2. Here's where I'm coming from. I want my life to be a reflection of Jesus Christ's life. I want to love the things He loves, hate the things He hates, live the way He lived, and die the way He died. In short, I want Him to be my controlling force.
Here are some things that the Bible says and I believe:
- “The man who has two tunics is to share with him who has none; and he who has food is to do likewise.” (John the Baptist, on what it meant to live a God-honoring life - Luke 3:11)
- "Which of these three do you think proved to be a neighbor to the man who fell into the robbers’ hands?” And [the lawyer] said, “The one who showed mercy toward him.” Then Jesus said to him, “Go and do the same.” (After Jesus's story of the Good Samaritan, Luke 10:36-37)
- ...practicing hospitality... (Romans 12:13, in the middle of a list of commands to Christians)
- "But if your enemy is hungry, feed him, and if he is thirsty, give him a drink; for in so doing you will heap burning coals on his head.” (Romans 12:20, ibid.)
- Do not neglect to show hospitality to strangers, for by this some have entertained angels without knowing it. (Hebrews 13:2)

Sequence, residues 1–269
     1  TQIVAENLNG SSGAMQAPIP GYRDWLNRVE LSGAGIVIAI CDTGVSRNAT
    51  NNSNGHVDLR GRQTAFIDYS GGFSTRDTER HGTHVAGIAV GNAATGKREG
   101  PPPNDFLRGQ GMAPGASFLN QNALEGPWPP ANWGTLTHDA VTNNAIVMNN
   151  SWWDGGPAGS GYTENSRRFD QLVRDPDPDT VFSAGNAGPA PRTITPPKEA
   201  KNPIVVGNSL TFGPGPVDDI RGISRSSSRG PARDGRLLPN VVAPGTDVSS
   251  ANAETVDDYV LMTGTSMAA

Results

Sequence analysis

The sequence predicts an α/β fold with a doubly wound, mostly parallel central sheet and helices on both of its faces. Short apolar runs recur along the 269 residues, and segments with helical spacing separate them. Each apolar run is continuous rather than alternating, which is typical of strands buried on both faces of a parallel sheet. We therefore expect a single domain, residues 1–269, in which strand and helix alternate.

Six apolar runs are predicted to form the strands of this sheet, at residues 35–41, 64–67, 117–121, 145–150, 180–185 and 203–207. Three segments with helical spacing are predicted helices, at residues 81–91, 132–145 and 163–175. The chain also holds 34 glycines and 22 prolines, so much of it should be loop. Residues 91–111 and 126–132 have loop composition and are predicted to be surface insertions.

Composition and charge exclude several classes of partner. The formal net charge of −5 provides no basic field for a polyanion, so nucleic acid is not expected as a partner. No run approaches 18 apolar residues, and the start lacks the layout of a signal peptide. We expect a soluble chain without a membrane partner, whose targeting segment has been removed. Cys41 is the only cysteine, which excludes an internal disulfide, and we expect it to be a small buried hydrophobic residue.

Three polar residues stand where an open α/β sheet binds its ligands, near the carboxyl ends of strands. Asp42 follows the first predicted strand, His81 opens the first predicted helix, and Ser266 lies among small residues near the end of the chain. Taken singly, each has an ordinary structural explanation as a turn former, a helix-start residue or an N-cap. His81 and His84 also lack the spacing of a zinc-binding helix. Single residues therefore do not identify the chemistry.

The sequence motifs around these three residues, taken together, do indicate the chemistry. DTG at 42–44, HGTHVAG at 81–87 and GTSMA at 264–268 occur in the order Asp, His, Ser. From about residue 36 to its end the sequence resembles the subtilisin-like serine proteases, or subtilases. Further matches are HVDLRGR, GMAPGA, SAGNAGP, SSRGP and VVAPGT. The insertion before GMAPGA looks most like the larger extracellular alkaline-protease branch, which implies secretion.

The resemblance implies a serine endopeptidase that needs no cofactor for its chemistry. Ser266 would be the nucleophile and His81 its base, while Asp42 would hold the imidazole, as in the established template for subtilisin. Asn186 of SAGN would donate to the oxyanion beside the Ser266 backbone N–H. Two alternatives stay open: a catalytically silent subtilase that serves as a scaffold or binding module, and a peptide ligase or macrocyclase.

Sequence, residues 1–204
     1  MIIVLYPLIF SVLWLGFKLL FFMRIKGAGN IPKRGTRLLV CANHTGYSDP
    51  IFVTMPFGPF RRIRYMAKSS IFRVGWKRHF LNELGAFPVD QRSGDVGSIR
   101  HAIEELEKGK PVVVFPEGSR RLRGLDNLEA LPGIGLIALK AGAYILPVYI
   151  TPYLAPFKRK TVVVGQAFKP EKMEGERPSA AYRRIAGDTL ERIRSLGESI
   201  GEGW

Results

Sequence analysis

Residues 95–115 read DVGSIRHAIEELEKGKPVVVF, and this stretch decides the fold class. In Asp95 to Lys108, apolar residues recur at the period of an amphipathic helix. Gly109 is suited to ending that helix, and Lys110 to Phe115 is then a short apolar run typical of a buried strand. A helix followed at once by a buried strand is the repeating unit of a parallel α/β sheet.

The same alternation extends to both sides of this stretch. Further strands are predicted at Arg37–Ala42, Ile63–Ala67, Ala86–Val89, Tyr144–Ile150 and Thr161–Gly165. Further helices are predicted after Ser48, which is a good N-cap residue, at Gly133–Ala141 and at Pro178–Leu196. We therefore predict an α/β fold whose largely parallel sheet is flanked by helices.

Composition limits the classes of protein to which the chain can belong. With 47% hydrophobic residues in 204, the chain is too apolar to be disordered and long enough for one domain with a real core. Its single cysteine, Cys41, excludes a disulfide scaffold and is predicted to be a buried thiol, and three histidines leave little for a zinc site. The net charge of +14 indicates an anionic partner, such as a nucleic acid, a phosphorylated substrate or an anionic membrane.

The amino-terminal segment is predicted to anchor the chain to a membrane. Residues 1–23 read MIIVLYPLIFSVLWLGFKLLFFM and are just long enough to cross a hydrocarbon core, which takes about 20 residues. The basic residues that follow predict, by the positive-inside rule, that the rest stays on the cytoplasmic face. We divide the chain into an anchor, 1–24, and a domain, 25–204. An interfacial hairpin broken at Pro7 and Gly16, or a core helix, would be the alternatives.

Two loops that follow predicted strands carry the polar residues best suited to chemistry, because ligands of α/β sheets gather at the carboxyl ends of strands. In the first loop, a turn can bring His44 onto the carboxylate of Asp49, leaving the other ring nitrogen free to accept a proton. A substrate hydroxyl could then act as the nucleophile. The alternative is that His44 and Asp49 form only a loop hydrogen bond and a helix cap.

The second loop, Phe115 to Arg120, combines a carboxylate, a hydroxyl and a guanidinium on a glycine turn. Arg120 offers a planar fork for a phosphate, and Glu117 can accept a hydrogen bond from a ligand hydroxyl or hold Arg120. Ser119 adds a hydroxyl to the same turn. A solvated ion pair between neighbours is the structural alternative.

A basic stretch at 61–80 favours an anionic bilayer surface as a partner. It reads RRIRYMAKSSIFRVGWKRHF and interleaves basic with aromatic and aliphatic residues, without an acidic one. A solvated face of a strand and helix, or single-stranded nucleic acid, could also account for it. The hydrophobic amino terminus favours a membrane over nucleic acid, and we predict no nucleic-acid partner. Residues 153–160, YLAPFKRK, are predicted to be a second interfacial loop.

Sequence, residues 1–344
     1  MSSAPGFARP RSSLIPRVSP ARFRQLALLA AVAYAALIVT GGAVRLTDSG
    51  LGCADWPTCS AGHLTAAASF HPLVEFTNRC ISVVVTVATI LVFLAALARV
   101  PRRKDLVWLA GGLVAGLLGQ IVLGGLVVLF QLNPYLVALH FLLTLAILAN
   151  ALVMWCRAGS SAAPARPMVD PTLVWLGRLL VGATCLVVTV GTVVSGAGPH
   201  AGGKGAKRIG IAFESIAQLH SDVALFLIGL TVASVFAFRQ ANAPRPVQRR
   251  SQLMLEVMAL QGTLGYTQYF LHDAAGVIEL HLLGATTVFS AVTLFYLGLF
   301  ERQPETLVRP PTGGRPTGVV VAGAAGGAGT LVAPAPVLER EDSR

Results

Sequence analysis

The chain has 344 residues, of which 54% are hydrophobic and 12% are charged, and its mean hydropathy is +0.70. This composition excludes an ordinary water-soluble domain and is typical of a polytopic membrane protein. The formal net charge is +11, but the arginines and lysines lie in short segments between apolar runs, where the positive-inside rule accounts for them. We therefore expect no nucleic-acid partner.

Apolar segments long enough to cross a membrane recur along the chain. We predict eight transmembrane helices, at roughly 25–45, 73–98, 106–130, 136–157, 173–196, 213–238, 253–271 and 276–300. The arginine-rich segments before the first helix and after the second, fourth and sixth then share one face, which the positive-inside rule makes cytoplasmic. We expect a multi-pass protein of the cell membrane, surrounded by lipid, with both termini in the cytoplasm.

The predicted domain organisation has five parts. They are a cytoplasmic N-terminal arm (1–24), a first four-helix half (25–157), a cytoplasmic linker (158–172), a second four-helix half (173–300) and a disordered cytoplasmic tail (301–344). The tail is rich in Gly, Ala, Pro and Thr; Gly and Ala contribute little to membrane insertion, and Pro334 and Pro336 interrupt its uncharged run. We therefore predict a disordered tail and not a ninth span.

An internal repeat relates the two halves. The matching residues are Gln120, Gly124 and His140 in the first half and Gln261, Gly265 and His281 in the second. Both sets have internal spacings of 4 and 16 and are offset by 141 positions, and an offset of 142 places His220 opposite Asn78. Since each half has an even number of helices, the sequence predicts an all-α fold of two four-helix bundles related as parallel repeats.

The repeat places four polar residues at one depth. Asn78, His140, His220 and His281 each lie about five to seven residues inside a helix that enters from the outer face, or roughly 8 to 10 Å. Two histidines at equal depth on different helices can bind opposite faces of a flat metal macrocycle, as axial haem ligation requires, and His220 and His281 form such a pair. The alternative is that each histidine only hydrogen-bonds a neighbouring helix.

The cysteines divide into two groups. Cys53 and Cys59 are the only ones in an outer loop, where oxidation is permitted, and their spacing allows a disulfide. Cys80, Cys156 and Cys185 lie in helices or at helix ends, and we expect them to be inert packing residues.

- If a brother or sister is without clothing and in need of daily food, and one of you says to them, “Go in peace, be warmed and be filled,” and yet you do not give them what is necessary for their body, what use is that? Even so faith, if it has no works, is dead, being by itself. (James 2:15-17)
- “Behold, I send you out as sheep in the midst of wolves; so be shrewd as serpents and innocent as doves." (Jesus, sending the disciples out to preach in Matthew 10:16)
The one that I think informs my ideas most is the parable of the Good Samaritan, which Jesus tells in Luke 10:30-37. Its entire purpose is to demonstrate that the lawyer can't call himself righteous if he's complacent about the suffering of the those around him. The hero of that story is a Samaritan, who would have been despised by Jesus's hearers, yet proved himself more righteous than both a priest and a Levite, who did holy service in the temple.
3. Here's what I think about the refugee crisis. I think the United States ought to be doing all it can to bring relief to refugees. Many of them have lost their homes, their businesses, their families -- they have sacrificed everything fleeing from the evil deeds of evil men. They are, in a very real sense, the ones "without clothing and in need of daily food."